From where I sit, pressed to come up with a system that looks at current and likely access use for the next 20 years, as well as looking at carrying capacity and ability to produce finite numbers of specific large trout and anglers enjoyment of them, as well as having to include a mandate for allowing for some harvest, all while making a relatively small watershed’s angling regulations streamlined, the proposed map makes sense. Kudos to our government friends. Remember, government has to look at all parameters and values, so we best be realistic. If we vote to deny harvest in the Ram watershed, government will find it elsewhere in the region, and that points directly at our brown trout: are you willing to force the headwater tributaries in the Ram to be C&R at the risk of Stauffer Cr, Prairie Cr, or the S Raven being opened to harvest? Our government lives in a world of trade-offs, so be extremely clear in how you think, how you vote. Deny harvest in the Ram watershed and government will find it elsewhere at the expense of our other non-native trout. (Note – government is hyper-sensitive to any more perceived loss of harvest opportunities, especially our east slope waters. While I mention our brown trout streams, this is just to pause us to look at the larger, regional perspective – if we force all-out C&R here, another non-native population will be looked at as a trade-off for harvest opportunity. That is simply how government operates at present).
For me, the survey is quick & easy: green & yellow allow harvest of 2 trout over 35 cm. Pink remains catch & release.
As you might have read in my response to the original North-Central Native Trout Recovery Survey, based on desire to keep even a viable population of trout in the N Ram and S Ram canyon reaches, there can’t be any allowance of harvest. Both rivers have clearly demonstrated in the past that they are one variable change away from collapsing. Change the C&R variable on the N Ram, given how intense the ATV highway along it is, likewise the ATV and hiking highways along the S Ram, and those reaches simply won’t keep up. Green is actually seeing an increase in the minimum size limit from 30 to 35 cm, which continues to allow harvest for a back-country experience. So too the yellow on Fall Creek – which would unify it with the headwaters regulations.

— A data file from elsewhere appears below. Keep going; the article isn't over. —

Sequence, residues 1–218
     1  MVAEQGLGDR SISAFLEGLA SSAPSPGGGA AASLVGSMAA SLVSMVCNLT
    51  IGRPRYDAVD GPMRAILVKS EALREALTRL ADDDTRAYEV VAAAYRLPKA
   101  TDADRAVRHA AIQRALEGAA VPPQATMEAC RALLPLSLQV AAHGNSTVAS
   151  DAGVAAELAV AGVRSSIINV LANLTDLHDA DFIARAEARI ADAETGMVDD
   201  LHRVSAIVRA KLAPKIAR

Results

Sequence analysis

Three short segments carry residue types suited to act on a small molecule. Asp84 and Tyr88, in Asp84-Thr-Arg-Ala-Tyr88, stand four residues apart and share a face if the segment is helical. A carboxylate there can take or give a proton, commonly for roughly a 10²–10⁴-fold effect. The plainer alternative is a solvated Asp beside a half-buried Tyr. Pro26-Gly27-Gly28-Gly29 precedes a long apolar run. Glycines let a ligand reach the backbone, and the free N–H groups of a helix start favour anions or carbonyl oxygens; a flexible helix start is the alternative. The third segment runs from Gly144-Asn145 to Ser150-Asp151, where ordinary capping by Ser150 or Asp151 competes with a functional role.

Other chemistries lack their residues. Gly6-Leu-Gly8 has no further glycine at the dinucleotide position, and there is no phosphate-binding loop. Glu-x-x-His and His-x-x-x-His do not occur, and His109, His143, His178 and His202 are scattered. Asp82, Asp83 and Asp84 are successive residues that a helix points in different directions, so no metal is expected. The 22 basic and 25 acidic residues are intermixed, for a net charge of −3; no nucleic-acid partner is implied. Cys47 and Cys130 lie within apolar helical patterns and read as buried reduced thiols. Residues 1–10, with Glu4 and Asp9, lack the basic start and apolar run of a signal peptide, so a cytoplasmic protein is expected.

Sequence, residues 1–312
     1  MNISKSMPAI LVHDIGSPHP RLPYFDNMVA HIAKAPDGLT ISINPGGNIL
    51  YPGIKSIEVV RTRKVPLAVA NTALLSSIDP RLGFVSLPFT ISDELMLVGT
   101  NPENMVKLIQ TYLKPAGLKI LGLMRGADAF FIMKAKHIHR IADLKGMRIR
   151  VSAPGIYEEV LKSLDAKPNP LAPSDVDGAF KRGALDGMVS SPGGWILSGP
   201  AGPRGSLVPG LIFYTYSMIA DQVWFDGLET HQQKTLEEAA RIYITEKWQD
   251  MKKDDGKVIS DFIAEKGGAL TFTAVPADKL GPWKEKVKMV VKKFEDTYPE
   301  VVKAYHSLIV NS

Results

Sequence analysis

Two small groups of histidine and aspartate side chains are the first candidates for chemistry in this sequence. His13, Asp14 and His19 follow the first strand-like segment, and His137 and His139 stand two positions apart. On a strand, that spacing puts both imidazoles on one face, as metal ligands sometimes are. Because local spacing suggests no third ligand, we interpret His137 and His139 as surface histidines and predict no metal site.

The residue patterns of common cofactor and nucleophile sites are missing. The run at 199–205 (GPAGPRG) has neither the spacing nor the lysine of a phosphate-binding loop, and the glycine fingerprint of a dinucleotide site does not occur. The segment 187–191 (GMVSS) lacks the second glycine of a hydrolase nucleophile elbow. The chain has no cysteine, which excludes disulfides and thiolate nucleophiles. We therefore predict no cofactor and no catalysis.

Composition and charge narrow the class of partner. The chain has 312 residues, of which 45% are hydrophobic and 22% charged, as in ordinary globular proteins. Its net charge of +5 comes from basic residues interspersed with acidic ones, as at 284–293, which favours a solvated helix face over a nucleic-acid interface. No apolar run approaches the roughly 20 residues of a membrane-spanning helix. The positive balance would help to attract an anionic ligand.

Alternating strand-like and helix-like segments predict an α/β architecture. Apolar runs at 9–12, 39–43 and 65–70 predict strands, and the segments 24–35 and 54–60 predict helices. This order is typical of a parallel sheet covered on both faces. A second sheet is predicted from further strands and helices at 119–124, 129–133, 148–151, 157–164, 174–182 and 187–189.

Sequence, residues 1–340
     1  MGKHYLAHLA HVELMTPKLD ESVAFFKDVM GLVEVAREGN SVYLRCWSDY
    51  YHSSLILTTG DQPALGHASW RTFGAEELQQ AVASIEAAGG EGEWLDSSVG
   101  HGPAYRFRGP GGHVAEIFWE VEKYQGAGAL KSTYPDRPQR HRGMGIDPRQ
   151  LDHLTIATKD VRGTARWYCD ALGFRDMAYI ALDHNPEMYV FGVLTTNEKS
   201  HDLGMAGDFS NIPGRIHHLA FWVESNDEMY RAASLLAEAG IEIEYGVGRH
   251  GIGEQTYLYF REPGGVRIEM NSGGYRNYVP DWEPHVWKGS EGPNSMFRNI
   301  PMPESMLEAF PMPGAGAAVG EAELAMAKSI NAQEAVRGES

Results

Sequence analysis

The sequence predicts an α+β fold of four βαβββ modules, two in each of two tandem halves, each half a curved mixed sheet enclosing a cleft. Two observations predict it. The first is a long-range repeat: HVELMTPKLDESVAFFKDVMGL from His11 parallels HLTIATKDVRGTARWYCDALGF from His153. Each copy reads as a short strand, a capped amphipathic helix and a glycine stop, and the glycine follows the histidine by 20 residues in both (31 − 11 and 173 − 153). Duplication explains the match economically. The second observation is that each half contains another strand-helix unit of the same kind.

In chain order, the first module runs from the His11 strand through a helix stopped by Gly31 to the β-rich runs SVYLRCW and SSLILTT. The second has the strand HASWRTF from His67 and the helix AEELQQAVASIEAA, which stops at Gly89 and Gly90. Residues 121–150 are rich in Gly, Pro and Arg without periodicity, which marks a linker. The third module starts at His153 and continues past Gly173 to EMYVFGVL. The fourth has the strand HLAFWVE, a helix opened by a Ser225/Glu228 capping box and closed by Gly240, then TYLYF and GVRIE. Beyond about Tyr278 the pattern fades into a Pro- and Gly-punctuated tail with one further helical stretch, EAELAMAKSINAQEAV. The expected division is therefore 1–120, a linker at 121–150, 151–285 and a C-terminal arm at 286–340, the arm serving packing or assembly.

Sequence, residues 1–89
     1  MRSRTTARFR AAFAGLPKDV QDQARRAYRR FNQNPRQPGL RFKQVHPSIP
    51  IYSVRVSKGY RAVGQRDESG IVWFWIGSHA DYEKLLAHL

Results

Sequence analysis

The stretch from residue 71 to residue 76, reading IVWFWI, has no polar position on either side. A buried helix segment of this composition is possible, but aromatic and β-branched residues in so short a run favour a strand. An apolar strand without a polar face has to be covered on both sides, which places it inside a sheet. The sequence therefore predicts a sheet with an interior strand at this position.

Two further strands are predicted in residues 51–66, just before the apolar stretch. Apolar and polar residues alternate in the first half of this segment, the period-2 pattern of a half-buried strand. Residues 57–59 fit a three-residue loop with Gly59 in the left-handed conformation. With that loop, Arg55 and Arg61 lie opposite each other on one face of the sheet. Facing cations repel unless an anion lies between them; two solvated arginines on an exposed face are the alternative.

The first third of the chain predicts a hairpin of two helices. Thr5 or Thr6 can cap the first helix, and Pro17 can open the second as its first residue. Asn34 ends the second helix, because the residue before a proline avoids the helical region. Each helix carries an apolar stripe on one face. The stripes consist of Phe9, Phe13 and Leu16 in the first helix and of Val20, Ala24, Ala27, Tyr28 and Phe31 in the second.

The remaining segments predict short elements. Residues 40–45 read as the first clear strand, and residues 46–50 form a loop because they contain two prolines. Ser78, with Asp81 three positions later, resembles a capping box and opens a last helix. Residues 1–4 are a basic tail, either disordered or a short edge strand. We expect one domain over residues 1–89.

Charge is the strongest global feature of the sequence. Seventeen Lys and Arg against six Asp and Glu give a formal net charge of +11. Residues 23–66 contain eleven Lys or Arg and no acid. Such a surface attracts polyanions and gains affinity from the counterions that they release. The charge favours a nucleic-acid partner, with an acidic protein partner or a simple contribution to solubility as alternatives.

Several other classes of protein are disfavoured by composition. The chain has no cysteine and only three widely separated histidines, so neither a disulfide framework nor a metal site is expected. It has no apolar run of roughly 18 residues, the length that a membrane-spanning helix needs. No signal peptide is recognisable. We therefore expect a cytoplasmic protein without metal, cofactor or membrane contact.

We have to remember that the Ram R drainage cutthroat is a non-native fishery that was put in place for the enjoyment of all Albertans. For C&R purists, well, that is only one value. Surely there are a couple of reaches within the watershed that can handle some harvest where access is limited in respect to the back country spirit in the headwaters, as well as some in Fall Cr, where carrying capacity dictates that the actual harvestable numbers of trout will be relatively small.
Whatever you do, vote in the survey. It has been expressed to me that the vote is 100% binding. Like it or not, we could lose the C&R sections of the N & S Ram Rivers if voting shows public support for that change. Whatever you do, vote, and make damned sure your friends vote as well. Given these management plans tend to change every 20 years, if you do not take 5 minutes to vote, we’ll lose what we have.
Social media surveys do not allow for full and proper communication of the ramifications and implications of the choices, nor do they allow well thought out discussion among users. And my vote, as educated as it may be to the Ram system, is easily out-voted by lay anglers who only want opportunity to harvest fish, carrying capacity and long-term ramifications be damned. It’s a vote biased by government precluding involved discussion. So, it’s imperative you vote.
The cutthroat below is one of many Ram R cutthroat trout a friend & I enjoyed on our last day of the 2017 season. I’ve caught this big, old male 5 of the last 6 years from the exact same slot in the exact same pool over a dozen times. If harvest is allowed in the pink section of the new mgt map, these fish will simply be wiped out of the N Ram and the S Ram canyon, there is no argument about that. They are simply sitting ducks that are all too easy to target and remove and take far too long to replace.